Of course, parents often mean well. They certainly don’t intend to harm their children. But despite good intentions, their “infantilizing” paralyzes the children. It robs them of the joys of struggle and achievement.

Struggle is psychologically and emotionally good. Resistance, delaying of gratification, and challenges are good. When our children don’t have to struggle or experience obstacles, they don’t grow up. A child crippled with such will find life cruel and depressing.

It’s not our children’s fault! They were not brought into the world to raise Mom and Dad! We parents influenced them first. We made the family rules while they’re growing up. We may say our “infantilized” children didn’t do anything wrong. We did.

Next step? We parents begin with courage, honor, determination. Resolute spirit. Bountiful wisdom and faith to take corrective action before it’s too late. Let our children learn to tie their own shoes. Don’t bail them out every time.

Are your kids (still) running the show? Are they truly growing up or regressing?
Posted by Dr. Angelo Subida at 8:20 PM No comments: Links to this post

Never Growing Up

His name was Peter. Age 25. He talked a lot. In session, he liked to monologue. Joke away. But he’s not really saying much that matters. His feelings were often exaggerated, easily provoked, even silly.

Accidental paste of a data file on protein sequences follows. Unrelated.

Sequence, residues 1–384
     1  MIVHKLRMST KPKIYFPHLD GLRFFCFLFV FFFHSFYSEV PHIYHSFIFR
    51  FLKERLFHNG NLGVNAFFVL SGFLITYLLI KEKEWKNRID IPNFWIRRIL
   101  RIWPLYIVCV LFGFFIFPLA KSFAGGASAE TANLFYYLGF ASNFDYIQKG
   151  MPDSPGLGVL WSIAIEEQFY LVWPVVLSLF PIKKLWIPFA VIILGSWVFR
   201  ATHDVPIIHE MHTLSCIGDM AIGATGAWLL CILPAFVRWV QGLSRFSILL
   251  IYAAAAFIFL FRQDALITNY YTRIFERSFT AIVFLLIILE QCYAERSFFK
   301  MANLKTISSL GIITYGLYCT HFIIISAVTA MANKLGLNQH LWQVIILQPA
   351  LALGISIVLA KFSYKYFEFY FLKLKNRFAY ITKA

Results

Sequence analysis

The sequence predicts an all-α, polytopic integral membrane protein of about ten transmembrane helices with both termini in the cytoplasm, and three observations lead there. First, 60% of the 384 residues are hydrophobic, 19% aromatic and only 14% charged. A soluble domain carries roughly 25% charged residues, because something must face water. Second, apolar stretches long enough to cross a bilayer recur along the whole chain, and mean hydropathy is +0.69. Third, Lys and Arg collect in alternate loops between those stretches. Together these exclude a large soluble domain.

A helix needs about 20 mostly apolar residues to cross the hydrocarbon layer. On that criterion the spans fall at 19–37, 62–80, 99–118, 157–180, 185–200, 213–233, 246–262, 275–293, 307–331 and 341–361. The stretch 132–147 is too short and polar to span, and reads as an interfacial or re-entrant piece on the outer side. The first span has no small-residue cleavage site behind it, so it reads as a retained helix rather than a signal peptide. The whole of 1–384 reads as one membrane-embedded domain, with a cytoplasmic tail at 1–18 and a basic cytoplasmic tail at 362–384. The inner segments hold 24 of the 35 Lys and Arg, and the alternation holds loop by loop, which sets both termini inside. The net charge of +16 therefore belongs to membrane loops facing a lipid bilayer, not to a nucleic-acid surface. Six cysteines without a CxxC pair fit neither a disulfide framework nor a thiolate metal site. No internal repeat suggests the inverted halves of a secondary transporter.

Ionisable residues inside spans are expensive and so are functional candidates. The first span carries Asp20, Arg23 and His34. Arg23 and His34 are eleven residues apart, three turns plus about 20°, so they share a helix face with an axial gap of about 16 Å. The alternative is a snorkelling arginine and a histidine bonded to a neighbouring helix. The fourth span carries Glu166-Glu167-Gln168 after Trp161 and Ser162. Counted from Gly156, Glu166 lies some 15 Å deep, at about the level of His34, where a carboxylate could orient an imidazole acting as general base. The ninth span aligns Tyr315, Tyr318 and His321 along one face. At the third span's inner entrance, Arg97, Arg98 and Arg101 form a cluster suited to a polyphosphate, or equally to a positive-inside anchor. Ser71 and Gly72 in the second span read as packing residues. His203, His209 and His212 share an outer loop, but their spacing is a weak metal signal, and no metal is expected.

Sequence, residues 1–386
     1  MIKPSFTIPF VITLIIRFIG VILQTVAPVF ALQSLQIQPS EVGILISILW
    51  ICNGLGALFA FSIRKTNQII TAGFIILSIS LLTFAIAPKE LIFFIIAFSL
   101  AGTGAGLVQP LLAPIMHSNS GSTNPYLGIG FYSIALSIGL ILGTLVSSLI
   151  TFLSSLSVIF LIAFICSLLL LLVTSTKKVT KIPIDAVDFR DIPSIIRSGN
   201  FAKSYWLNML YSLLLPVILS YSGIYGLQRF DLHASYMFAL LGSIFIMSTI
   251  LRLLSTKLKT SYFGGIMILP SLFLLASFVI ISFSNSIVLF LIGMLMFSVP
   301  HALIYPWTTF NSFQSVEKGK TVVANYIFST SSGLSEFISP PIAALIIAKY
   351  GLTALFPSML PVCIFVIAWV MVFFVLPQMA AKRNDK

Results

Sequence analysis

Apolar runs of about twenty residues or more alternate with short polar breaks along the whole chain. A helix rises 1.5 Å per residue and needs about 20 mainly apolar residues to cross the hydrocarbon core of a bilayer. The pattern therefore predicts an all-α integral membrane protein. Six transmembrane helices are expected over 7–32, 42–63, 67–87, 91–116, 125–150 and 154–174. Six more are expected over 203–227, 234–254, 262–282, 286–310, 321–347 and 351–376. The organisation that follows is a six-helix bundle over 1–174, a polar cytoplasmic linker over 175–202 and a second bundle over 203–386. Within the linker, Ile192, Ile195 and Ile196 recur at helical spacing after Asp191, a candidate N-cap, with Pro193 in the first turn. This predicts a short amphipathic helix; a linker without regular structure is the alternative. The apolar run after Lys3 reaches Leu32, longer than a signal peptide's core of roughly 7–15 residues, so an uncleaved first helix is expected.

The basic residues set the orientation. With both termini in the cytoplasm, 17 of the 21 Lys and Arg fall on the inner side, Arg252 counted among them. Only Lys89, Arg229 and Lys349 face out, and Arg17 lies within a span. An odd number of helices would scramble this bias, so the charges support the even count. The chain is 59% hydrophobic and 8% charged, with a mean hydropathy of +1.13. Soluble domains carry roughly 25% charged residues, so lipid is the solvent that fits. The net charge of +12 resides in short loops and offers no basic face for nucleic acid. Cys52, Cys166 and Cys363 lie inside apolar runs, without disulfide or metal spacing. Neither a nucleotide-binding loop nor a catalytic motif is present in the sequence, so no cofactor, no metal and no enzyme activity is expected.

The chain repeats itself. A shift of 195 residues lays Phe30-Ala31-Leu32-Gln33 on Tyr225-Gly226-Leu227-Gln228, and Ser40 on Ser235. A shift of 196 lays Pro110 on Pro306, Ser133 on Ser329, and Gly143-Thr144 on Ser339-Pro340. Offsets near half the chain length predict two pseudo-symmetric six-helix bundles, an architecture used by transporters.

When asked what he’d do now after having graduated from college, he paused a little. Then, he said he’d go back to college and take another bachelor’s degree.

Totally unrelated to the first one he took, he said in jest of his next college course, “I’d like to make a difference in the world by studying the oceans and underneath them!”

Then, he sipped his coffee and ate a lot of cake in front of him. At 5’8″ and almost 300 lbs., he professed his love for food.

My years of counseling teenagers, university students, young adults, middle-aged or senior men, and couples revealed to me a widespread psychological affliction in our society. It’s a syndrome in our society that’s causing a lot of problems in all walks of life.

Clinicians call it the “Peter Pan Syndrome.”

You remember the happy-go-lucky character of Disney’s Peter Pan, right? That’s where the psychological syndrome was named after.

Peter Pan symbolizes everlasting fun and youthfulness. He rejects all things Adult. He avoids growing up vehemently. He wants to remain a boy forever.

Unknown to many of my patients (including their parents, spouses, or friends who care for them) is a chilling reality. They are unwittingly following in the footsteps of Peter Pan.

We have a mental health problem of a man-child caught between the adult man he doesn’t want to become and the child or boy he could no longer be.

As Peter Pan himself said in the play, “No one is going to catch me, lady, and make me a man. I want always to be a little boy and to have fun.”